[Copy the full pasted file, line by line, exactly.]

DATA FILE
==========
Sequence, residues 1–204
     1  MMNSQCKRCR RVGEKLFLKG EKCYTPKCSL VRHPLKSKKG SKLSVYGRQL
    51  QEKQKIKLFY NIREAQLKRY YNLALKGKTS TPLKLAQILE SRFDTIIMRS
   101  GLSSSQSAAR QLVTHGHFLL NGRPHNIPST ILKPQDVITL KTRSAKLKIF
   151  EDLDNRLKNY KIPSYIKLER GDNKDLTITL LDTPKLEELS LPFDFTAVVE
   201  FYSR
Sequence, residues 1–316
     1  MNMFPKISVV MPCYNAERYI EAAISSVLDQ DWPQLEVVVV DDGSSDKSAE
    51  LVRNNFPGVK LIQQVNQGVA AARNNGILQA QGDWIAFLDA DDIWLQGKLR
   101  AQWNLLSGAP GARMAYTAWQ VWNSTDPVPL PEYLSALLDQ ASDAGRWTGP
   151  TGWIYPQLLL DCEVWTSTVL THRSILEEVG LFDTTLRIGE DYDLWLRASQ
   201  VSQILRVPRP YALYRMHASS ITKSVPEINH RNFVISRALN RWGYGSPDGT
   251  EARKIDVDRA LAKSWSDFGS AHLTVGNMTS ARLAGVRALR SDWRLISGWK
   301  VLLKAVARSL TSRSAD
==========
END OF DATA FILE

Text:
Sequence, residues 1–204
     1  MMNSQCKRCR RVGEKLFLKG EKCYTPKCSL VRHPLKSKKG SKLSVYGRQL
    51  QEKQKIKLFY NIREAQLKRY YNLALKGKTS TPLKLAQILE SRFDTIIMRS
   101  GLSSSQSAAR QLVTHGHFLL NGRPHNIPST ILKPQDVITL KTRSAKLKIF
   151  EDLDNRLKNY KIPSYIKLER GDNKDLTITL LDTPKLEELS LPFDFTAVVE
   201  FYSR
Sequence, residues 1–316
     1  MNMFPKISVV MPCYNAERYI EAAISSVLDQ DWPQLEVVVV DDGSSDKSAE
    51  LVRNNFPGVK LIQQVNQGVA AARNNGILQA QGDWIAFLDA DDIWLQGKLR
   101  AQWNLLSGAP GARMAYTAWQ VWNSTDPVPL PEYLSALLDQ ASDAGRWTGP
   151  TGWIYPQLLL DCEVWTSTVL THRSILEEVG LFDTTLRIGE DYDLWLRASQ
   201  VSQILRVPRP YALYRMHASS ITKSVPEINH RNFVISRALN RWGYGSPDGT
   251  EARKIDVDRA LAKSWSDFGS AHLTVGNMTS ARLAGVRALR SDWRLISGWK
   301  VLLKAVARSL TSRSAD